|October 16, 2010|
Degrees of Change - Climate Change Impacts in Canada in the 21st Century
|Degrees of Change
provides a very clear indication of the possible physical impacts Canadians can expect as a result of climate change.
Earlier this month the National
Roundtable on Economy and Environment and the Royal Canadian
Geographical Society released the Degrees of Change
diagram which lays out potential effects of a changing climate on
Canada at different degrees of warming.
The impacts - 60 in all, culled from documented scientific literature - are categorized into eight separate sectors and include; ecosystems, water resources, human health, communities and infrastructure, resource industries, service industries, security and trade and ice, snow and sea.
The diagram is included in the October issue of Canadian Geographic and Géographica magazines, which are almost wholly-devoted to climate change. This release included a special roundtable discussion at the Museum of Nature, and a launch reception with the Governor General providing the keynote address.
Degrees of Change Diagram
The goal of this project is to widen the national conversation on the issue of climate change, the physical effects of which on Canada in the next century could touch everything from human health and community infrastructure to water resources and even tourism and recreation activities.
Compared to average temperatures prior to the industrial revolution well over a century ago, the world is currently 0.78°C warmer. What does this mean for Canada and the people living here now? And what could further climate change induced temperature increases entail?
"Climate change is not just a theory. It's taking place now," said NRTEE Chair Robert (Bob) Page. "That means we must go beyond cutting carbon emissions. We must start adapting our behaviour, our communities, and our economic activity to the emerging reality of climate change."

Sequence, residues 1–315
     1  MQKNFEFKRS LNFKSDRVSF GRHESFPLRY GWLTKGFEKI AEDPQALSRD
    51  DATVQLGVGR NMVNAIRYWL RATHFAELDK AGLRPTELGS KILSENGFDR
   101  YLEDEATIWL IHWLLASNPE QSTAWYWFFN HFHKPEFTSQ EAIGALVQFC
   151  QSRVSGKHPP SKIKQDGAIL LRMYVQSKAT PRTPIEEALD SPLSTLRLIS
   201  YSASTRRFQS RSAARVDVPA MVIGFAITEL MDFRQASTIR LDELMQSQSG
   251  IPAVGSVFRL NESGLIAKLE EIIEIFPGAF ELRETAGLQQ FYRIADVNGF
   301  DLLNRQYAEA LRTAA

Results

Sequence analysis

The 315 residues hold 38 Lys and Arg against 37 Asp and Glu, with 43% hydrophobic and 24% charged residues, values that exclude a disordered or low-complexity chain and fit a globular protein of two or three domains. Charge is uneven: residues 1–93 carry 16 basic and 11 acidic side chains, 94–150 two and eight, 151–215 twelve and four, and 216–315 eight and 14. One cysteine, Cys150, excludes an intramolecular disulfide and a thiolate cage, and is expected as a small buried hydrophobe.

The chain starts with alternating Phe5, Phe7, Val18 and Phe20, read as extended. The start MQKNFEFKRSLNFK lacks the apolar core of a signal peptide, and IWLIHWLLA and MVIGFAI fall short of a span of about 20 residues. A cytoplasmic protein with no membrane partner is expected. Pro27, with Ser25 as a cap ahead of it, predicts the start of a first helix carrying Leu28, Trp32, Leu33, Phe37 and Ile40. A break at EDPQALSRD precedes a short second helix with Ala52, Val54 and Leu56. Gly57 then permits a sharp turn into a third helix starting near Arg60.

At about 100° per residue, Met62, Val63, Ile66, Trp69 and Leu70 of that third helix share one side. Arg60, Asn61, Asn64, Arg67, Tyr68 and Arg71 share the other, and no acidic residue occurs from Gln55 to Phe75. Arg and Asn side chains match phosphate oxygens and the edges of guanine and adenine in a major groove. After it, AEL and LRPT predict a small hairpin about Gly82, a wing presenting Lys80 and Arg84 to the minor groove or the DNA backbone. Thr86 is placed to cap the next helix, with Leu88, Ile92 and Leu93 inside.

At two-degrees warming, for example, the diagram shows that summer Arctic sea ice extent could be halved, runoff in the South Saskatchewan River basin significantly reduced, and shipping through the Great Lakes and St. Lawrence Seaway could become more costly due to lowering water levels.
The two-degree marker represents temperature increases over pre-industrial levels and is significant because Canada and other G8 nations have agreed to take measures to limit global temperature increases to no more than that level.
The diagram and feature articles in the magazine go on to show even more risks to Canada's coastal communities, fish and wildlife habitat, and human health, if global temperatures rise beyond the two-degree point.
Not all impacts compiled in the diagram are necessarily negative. For example, a two-degree increase could see timber gains from enhanced tree growth in some northerly locations, greater access to northern oil, gas and mineral resources, and an increased abundance of Atlantic cod north of the 60th parallel.
tourism and recreational pursuits, such as skiing, would likely be
hurt while others, such as golf, could benefit. The diagram is
meant to illustrate a range of possible impacts that are
scientifically-accepted and projected at this time.
Canadian Atlas Online (CAOL) will also carry a dedicated module on
Climate Prosperity with interactive maps, diagrams and 13 lesson
plans in the CAOL Learning Centre.
"Adapt and prosper will be increasingly central to Canadian governments, communities, and businesses as these effects become more and more evident," said NRTEE President and CEO David McLaughlin.
The Diagram and its interactive supporting materials are available here.Source: www.climateprosperity.ca